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Judge Robart Reopens MS v. Motorola Nov. Trial for New Evidence From Motorola ~pj
Friday, February 15 2013 @ 06:44 AM EST

The November trial in Microsoft v. Motorola has been reopened, so Motorola can introduce new evidence. Apparently, Motorola and Microsoft were on the phone with the judge presiding in the Seattle litigation, Judge James L. Robart, in connection with a new Motorola request to reopen the trial so it can submit additional evidence, and he has just granted [PDF] Motorola's request, despite Microsoft's opposition. This is unusual, to say the least.

Here's the docket entry:

02/14/2013 - 653 - MINUTE ORDER - The court Grants Motorola's request to reopen the record to submit additional evidence, by Judge James L. Robart. (MD) (Entered: 02/14/2013)

The order from the Court Clerk reads like this:
On February 12, 2013, the parties contacted the court regarding Motorola's request to reopen the record of the November 13-19, 2012 trial to submit additional evidence. It is the court's understanding that although Microsoft opposes reopening the trial record, in the event Motorola is permitted to submit additional evidence, Microsoft would like to submit additional evidence of its own.

Because the court desires to issue its ruling with the most complete record possible, the court GRANTS Motorola's request to reopen the record to submit additional evidence. Microsoft may also submit contextual evidence in response to Motorola's newly submitted evidence. The submissions of both parties shall be limited to the evidence discussed during the parties' phone call with the court on February 12, 2013. Along with any additional evidence, both parties may submit two-page letter briefs providing the court with an explanation of the submitted evidence. Any submissions shall be filed no later than February 22, 2013.

There's no indication as to precisely what the additional evidence is about, but we'll know when it all gets filed by next Friday.

This is about FRAND patents, with Microsoft asking the judge to set a royalty rate it owes to Motorola. The trial briefs are here, if you'd like to review the issues. Our coverage of the November trial, a bench trial, is here:

That was phase one of the litigation. And that's what is now reopened. Transcripts of the trial will be made public on March 19, but until then our coverage is the best source of details on what new evidence might be about. On Day 1 and then Day 4, the parties presented opening statements.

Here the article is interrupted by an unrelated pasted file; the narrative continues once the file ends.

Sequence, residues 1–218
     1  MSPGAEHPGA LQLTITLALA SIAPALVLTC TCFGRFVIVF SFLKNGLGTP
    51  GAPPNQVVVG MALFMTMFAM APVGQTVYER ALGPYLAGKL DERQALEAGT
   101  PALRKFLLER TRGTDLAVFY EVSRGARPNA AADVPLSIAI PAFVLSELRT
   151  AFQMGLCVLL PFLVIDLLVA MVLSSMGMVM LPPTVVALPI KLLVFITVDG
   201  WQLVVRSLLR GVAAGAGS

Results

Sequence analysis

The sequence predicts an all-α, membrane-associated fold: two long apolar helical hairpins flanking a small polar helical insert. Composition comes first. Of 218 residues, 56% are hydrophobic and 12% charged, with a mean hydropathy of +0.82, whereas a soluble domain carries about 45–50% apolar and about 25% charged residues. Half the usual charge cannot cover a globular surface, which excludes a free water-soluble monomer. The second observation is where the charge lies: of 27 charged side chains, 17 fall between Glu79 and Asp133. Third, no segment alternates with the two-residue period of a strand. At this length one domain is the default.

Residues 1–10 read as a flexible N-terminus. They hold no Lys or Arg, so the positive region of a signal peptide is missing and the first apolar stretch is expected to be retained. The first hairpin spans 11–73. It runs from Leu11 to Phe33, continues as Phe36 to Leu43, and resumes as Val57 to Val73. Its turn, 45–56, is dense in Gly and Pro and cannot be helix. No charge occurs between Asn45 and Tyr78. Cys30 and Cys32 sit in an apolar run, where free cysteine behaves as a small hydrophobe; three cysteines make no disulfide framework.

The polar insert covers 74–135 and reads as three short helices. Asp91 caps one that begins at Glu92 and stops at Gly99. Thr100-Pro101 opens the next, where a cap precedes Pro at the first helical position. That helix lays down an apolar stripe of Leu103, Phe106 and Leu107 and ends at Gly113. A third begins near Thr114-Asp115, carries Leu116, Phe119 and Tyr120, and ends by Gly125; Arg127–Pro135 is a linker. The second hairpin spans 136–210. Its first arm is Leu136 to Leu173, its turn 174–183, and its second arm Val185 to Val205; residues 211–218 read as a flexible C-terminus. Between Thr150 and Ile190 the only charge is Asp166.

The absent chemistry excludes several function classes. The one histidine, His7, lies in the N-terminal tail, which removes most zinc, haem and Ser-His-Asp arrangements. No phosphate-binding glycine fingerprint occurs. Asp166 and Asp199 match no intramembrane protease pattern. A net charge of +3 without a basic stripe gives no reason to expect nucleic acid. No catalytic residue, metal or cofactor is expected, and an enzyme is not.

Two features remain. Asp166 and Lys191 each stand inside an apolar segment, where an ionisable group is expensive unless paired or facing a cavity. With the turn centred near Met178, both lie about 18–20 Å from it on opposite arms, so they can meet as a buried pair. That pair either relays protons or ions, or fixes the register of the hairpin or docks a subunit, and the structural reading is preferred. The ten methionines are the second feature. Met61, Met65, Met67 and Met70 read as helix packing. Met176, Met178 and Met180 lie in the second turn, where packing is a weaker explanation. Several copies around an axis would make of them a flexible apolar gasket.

Here's Microsoft's, from our reporter's coverage of Day 1:

Microsoft's Opening Statement:

Royalty should be proportionate to use of the patent in the relevant standards, resulting in reasonable RAND rates. Motorola is asking for unjustifiable amounts, via patent stacking. This may affect future RAND settlements. Discussed how patent pools are formed, specifics on the MPEG LA group. Purpose is to protect patents while making payments low enough to attract licensees. Motorola abruptly left the MPEG LA discussions. During those discussions, Motorola never said their patents deserved higher royalties. Professor Murphy will testify to the impact of the patent pools, supporting RAND. Matt Lind to provide data details indicating that Motorola's royalty should be pennies, not dollars. Gary Sullivan will testify that Motorola's contribution was only interlaced video, which was added later (and is old, unimportant technology); alternate technical solutions were available. Motorola patents are tangential to XBox, and are rarely called on in real-world use. Interlaced video support is contained in $3 to $4 chips from another company.

And here's Motorola's, from Day 4:
Motorola opening statement:

Microsoft wants low pool rates based on multilateral ex ante negotiations. This does not reflect real-world negotiations. This model does not consider strength of Motorola's contributions. Other important patent holders rejected the MPEG LA pool. Motorola seeks to simulate a real-world negotiation that would have happened. Motorola will compare the strength of their patents vs. Microsoft patents. Multiple witnesses from multiple companies will attest to how bilateral negotiations would work.

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